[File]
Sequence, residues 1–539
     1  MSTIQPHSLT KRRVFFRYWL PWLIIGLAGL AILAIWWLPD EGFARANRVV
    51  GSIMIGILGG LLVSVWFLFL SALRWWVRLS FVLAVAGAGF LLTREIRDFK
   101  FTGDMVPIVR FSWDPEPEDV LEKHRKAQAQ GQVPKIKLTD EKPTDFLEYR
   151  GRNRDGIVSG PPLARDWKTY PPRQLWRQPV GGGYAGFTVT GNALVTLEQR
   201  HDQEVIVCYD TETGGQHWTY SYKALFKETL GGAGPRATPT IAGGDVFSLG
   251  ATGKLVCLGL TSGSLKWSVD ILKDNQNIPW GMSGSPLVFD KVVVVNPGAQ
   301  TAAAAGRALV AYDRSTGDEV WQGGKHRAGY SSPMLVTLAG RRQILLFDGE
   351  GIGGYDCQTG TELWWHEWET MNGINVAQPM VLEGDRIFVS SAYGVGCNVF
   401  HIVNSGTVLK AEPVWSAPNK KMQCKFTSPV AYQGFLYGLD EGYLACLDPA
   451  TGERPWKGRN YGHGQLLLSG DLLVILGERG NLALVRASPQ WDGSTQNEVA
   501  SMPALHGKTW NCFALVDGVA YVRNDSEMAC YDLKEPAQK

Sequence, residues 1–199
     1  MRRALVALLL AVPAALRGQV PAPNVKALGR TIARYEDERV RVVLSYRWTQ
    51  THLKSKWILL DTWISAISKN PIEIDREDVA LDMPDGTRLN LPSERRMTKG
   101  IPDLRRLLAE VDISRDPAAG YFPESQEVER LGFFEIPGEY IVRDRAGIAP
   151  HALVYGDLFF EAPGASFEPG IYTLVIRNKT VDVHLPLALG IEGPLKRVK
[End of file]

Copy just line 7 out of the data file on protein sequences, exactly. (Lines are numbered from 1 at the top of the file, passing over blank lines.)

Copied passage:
   251  ATGKLVCLGL TSGSLKWSVD ILKDNQNIPW GMSGSPLVFD KVVVVNPGAQ